5 Tips for Taking Care of Your Heart, Body and Mind – a Guide for Seniors
- Eat a healthy, well-balanced diet
- Moderate exercise
- Proper rest
- Exercise your mind
- Treat health problems as they arise
Tip 1: Eat a Healthy, well-balanced diet
It’s no secret that eating better makes us feel better, and helps our body perform at it’s best. The trick is to know what “eating healthy” means, when all the rules seem to change regularly. For example, coconut oil has been on both the naughty and the nice list. In light of conflicting evidence, who do you believe? Simply put, we suggest sticking to the simple things that don’t seem to change, contributing to a healthy body and a healthy mind. Here are 6 places to start…
- Stick to dark greens like spinach, kale, and Bok Choy
- Choose cruciferous veggies like broccoli, cauliflower, and brussels sprouts: They contain phytochemicals, vitamins, minerals, fiber and may help lower your risk of cancer.
- Use olive oil liberally, it’s a great source of Oleocanthal, plenty of health benefits!
- Drink red wine…it contains the antioxidant polyphenol, which may assist in protecting the lining of blood vessels found in your heart.
- Eat dark chocolate. It’s been shown to promotes vasodilation and consequently may lower blood pressure
- Be sure to get your Omega-3s. These are vital for brain health, and we Americans usually consume 6 times the amount of Omega-6s that we need, and fall drastically short on Omega-3s. Fatty fish is the best source, as well as Krill oil, flaxseed oil, walnuts, spinach, and broccoli.
Tip 2: Moderate exercise
You should definitely consult your physician before starting any exercise. With that said, any level of exercise that is safe with you to start with is a better option than not exercising at all. Whether that means simply standing up for longer periods of time than you do now, or walking “laps” through your home, walking around the block, or even running…safety is the most important factor, followed by any movement is better than no movement. Find what is comfortable, and safe, and work up from there. Exercise is an important part of a healthy body, heart, and mind.
Tip 3: Proper rest
We have become a sleep-deprived society. We try to “get by” on as little sleep as possible to maximize our days…the truth is, however, we are short-changing ourselves by not getting enough sleep. Studies show we, as adults, need 7.5 to 9 hours of sleep per night, and our average is only 5 to 6. There are many reasons this negatively affects us: During rest is when our bodies heal; The chemicals in our brain are released disproportionately (Cholecystokinin – responsible for feeling satiated – is reduced, and Ghrelin – responsible for feeling hungry – is increased); as well as key memory-enhancing activity taking place during the sleep cycle. Be sure to:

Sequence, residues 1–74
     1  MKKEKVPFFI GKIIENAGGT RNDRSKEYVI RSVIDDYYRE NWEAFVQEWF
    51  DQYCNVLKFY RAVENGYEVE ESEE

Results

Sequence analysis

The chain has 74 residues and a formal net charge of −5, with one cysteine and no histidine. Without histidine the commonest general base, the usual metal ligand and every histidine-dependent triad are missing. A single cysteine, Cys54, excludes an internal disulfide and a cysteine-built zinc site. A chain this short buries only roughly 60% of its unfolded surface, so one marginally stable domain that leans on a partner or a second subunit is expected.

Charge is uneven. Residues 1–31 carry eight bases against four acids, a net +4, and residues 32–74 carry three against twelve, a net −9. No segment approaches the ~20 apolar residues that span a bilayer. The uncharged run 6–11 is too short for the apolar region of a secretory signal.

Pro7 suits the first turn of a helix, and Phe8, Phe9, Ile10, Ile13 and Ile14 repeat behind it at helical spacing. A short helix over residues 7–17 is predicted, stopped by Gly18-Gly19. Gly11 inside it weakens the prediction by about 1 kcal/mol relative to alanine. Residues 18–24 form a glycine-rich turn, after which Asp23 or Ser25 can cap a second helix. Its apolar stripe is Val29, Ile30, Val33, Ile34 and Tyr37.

- Get on a regular sleep schedule
- Avoid screen time the hour or more before bed time
- Cut back on caffeine
This will help you get the best possible sleep and keep your body and brain functioning at the highest possible level.
Tip 4: Exercise your mind
You’ve heard the expression, “Use it or lose it”. Well, like any muscle in your body, this expression also applies to your mind. A well-exercised mind is a well working mind. Be sure you are exercising your mind as well as your body. Seek activities that allow you to start easily and work your way up to harder levels. Puzzles, “brain teasers”, chess, playing an instrument, dancing, or even learning to speak a foreign language are all ways we can exercise our mind and keep our senses sharp.
Tip 5: Treat health problems as they arise
Illnesses and injuries, when left untreated, can be exacerbated, and cause bigger problems over time. Be sure you are getting proper check-ups and health care, in order to spot any early warning signs of a larger problem, or address anything that could pose a greater health risk if left untreated. Many diseases are easily treatable when caught early, often with simple screening or blood tests, and your doctor can recommend adjustments in your diet, exercise, and/or your lifestyle to adjust for anything that may be a potential health risk. He or she can also prescribe medications, in that case of a more serious concern, that can reduce or eliminate a health threat. Be sure you are scheduling regular visits to your physician.
We hope you have found these 5 tips to be helpful. For more information, or to speak with one of our experts about this, or any other concerns regarding caring for an elderly family member or friend, give us a call at (678) 494-8129 or contact us here.